Types of Annuities
An annuity is a means of generating an income from cash or other assets, which can be used as a retirement planning vehicle. Annual fixed payments are made from the annuity issuer to the holder, for as long as one lives. Annuities can provide guaranteed lifetime incomes for as little as a few years, and as long as 100 years. This is unlike other income-generating products, such as bonds or dividend stocks, which cannot guarantee payments after the payer’s death.
Types of Annuity
A variable annuity usually returns more than a fixed one, but with greater risk. The amount of gain or loss is tied to the performance of an investment manager’s portfolio. Annuities can be used as part of a risk management strategy that includes bonds and stocks, or simply as a way to fund retirement income.
A hybrid of a fixed and variable annuity, an indexed annuity combines the higher returns of stocks and long-term bonds with guaranteed lifetime income.
An immediate annuity provides for income for a specific period of time, typically less than 10 years. If the annuitant passes away before this period is over, the contract will be repaid to their designated individual or organization.
A deferred annuity allows payments to start after an initial investment has been made in a tax-deferred manner. Payments can be made in a lump sum, through regular payments, or through a combination of the two.
Guaranteed Lifetime Annuities
A guaranteed lifetime annuity is where income payments continue as long as the person who receives them is alive, regardless of how much they received in payments. This guarantees that the annuity payment will last for as long as the individual lives.
Fixed With Periodic Annuities
A fixed-with-periodic annuity is where payments vary in length based on market interest rates and guaranteed lifetime income after a set period of time. There are various ways to finalize this, such as a guaranteed period of payments and a guarantee that the annuity holder’s yearly payment will never go down.
Variable With Periodic Annuities
In a variable-with-periodic annuity, income is based on market interest rates and other investments. Annual payments may vary from year to year as well as increase or decrease one’s money over time.
Indexed With Periodic Annuities
An indexed-with-periodic annuity is like the variable with periodic, but it has an additional element that provides guaranteed lifetime income even if interest rates lower each year.
Comparing Annuity Options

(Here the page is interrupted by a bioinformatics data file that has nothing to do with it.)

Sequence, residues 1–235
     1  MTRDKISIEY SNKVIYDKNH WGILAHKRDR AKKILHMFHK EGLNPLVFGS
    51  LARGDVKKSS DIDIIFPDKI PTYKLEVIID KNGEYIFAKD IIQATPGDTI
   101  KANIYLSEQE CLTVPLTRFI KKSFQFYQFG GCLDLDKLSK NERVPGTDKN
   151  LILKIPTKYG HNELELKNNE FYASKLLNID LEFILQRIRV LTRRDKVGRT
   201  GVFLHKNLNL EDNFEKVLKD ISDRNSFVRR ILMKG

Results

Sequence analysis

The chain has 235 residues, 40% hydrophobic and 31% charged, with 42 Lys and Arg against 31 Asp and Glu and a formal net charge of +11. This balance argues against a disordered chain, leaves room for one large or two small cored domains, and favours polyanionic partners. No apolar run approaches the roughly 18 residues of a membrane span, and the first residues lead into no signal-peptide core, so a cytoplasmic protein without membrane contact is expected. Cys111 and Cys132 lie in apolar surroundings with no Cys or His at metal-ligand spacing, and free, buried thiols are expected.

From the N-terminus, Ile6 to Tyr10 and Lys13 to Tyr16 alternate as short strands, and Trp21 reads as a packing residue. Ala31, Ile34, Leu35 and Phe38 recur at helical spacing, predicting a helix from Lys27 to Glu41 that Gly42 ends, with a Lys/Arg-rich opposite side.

There are several things to consider when choosing an annuity:
- the amount you wish to receive each year;
- how long you want payments to continue;
- the interest rate that will be used to calculate payments;
- if premium increases are included in such as guaranteed period and,
- what happens if the annuity holder passes away before these periods ends.
Annuities can help protect one’s retirement savings from inflation and taxes. They also provide for a steady stream of income, which helps minimize uncertainty about how much money one will have at their disposal each year during retirement. An experienced financial adviser can help you choose from the many types of annuity options and develop a strategy that fits your needs.
The Bottom Line
Annuities are a good way to fund retirement income. They provide for steady payments to help avoid market risk and can increase one’s overall savings, especially if it is used over time with after-tax money rather than paying taxes on each payment. However, they also come with expenses that include fees, commissions, and sometimes surrender charges. Specialty annuities can offer higher returns and more diverse investment options.
About the Author
True Tamplin, BSc, CEPF®
True Tamplin is a published author, public speaker, CEO of UpDigital, and founder of Finance Strategists.
True is a Certified Educator in Personal Finance (CEPF®), author of The Handy Financial Ratios Guide, a member of the Society for Advancing Business Editing and Writing, contributes to his financial education site, Finance Strategists, and has spoken to various financial communities such as the CFA Institute, as well as university students like his Alma mater, Biola University, where he received a bachelor of science in business and data analytics.